Tuesday, May 11, 2010

I finally finished my schoolwork on Sunday afternoon and was able to enjoy a walk around Delft. Delft is nice, if you go into the right picturesque places (it is not very picturesque on our block, for instance).

I have enjoyed learning about how the Dutch think about water management. Much of what you will read about Dutch engineering includes massive engineering feats. What is particularly interesting to learn is about Dutch regrets. Not that they may summarize the regrets of everyone, but of the Dutch we happened to be talking with.

Much of the Netherlands has a layer of peat soil, and, many many years ago before settlement, was wetlands. With settlement eventually came pumping of low areas in order to farm. The peat soil was oxidized (I would have to learn more before I could write that redox reaction, sorry), which causes a loss in peat, and the end result is that over the last 700 years, 3 meters or nearly 10 feet in reduction of land level in much of Western Netherlands. That is a lot!!! Anyway, when asked about regrets, the sentiment of some water managers we talked to is that altering the land as the people living in this country have done has resulted in major environmental consequences. Quick stat: 2% of Dutch waterways are currently considered 'natural' under the European Union definition of waterways.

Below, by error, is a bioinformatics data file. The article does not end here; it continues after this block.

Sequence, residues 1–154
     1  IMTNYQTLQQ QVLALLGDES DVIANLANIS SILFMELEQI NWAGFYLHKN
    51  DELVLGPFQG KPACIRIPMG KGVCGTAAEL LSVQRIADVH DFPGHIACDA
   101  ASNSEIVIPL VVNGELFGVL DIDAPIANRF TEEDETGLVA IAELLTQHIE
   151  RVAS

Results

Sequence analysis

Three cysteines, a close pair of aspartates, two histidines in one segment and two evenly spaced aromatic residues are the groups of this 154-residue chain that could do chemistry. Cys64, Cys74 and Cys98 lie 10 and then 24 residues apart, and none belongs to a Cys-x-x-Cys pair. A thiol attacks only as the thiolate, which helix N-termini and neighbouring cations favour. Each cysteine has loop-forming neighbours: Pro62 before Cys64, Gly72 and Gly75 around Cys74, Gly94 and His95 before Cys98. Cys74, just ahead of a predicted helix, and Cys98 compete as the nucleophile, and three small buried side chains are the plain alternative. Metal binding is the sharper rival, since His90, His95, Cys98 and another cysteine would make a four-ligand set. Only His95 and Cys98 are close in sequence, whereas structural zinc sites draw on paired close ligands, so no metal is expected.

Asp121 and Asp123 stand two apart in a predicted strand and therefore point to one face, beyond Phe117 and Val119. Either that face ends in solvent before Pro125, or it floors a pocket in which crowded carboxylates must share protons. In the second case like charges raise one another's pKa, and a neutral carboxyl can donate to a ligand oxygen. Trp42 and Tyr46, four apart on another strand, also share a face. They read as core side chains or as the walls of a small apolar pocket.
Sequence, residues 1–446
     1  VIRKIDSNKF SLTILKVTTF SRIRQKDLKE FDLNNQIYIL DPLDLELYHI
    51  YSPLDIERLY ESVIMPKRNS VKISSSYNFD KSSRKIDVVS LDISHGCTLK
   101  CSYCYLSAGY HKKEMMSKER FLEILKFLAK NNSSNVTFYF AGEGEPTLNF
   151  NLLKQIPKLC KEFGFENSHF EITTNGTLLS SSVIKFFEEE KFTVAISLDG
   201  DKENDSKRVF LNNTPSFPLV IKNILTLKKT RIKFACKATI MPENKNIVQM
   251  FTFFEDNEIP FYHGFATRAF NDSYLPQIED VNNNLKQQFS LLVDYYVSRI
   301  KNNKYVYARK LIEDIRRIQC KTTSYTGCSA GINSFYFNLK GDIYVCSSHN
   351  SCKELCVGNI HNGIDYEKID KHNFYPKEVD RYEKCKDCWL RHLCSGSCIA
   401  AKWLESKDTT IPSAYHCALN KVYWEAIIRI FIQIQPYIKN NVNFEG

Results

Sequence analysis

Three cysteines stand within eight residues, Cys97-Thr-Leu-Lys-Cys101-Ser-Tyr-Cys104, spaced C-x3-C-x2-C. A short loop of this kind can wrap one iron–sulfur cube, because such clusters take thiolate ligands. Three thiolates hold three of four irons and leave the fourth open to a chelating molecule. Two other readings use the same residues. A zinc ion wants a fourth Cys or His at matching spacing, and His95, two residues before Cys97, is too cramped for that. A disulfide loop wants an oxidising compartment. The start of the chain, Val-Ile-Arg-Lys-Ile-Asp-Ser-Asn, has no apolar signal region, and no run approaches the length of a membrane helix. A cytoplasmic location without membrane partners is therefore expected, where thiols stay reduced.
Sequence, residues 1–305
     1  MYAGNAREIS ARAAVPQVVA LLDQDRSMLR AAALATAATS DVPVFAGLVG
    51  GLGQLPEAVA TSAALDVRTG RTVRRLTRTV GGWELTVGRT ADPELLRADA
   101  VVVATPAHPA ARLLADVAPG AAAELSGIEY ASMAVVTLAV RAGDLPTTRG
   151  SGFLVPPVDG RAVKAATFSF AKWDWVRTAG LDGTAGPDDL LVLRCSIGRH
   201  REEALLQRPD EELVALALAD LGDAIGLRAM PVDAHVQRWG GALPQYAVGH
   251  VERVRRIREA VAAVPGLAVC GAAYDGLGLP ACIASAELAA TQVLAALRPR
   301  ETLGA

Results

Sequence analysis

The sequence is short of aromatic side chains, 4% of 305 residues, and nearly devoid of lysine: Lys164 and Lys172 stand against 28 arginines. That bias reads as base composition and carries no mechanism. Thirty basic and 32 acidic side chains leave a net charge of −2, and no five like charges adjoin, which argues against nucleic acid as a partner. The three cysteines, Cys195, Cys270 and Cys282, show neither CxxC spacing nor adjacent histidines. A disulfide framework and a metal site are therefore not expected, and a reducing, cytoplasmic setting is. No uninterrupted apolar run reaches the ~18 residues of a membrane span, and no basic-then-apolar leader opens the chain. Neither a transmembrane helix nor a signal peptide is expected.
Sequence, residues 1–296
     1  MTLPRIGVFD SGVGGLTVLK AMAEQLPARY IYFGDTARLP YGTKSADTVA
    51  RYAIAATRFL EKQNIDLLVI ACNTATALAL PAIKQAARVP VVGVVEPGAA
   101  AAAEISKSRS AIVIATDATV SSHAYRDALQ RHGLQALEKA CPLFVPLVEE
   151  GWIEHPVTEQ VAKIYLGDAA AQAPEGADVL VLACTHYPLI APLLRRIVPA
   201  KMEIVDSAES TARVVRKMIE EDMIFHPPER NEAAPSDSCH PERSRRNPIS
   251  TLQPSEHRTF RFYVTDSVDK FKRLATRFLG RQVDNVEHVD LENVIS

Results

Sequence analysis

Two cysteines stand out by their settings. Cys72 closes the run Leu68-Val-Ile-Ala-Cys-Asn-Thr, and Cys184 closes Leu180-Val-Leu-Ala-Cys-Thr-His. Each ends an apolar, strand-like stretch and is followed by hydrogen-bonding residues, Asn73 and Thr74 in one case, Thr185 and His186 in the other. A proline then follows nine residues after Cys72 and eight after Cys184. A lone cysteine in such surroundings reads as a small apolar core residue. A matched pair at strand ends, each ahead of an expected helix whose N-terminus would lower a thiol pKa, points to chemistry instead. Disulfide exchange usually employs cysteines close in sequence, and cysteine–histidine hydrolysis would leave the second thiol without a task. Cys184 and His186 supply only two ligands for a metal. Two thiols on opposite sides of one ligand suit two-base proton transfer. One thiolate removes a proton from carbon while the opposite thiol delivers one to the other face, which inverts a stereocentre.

That being said, the Netherlands is a small country. The United States is a large country. As a country, we have altered ecosystems in massive ways, too.

As both an environmentalist and an engineer, I often wonder if the two are mutually exclusive. I firmly believe they are not; otherwise I would not be an engineer. Also, they are completely different. Environmentalism is a view of the world; glasses through which you see, and engineering is a left-brain function; a way of looking at a problem and logically coming to a conclusion. So the question I ask is-- how do we integrate the two into something that can benefit both humans and the environment? Which is really the environment, since humans are a part of the environment.

The Dutch "Room for the River" program is very interesting. They have invested in ways in which to decrease the risks of river flooding, other than building higher levees. Some areas of agriculture have been bought by the government and returned to natural areas.

I was surprised to find that there are many species of birds here. They are really very beautiful to hear and see. I saw some when I walked for a bit outside the natural history museum we spent time at today, located in Biesbosch Nature Reserve.

I loved being out in the countryside here, and I can't wait to get back to it some weekend.


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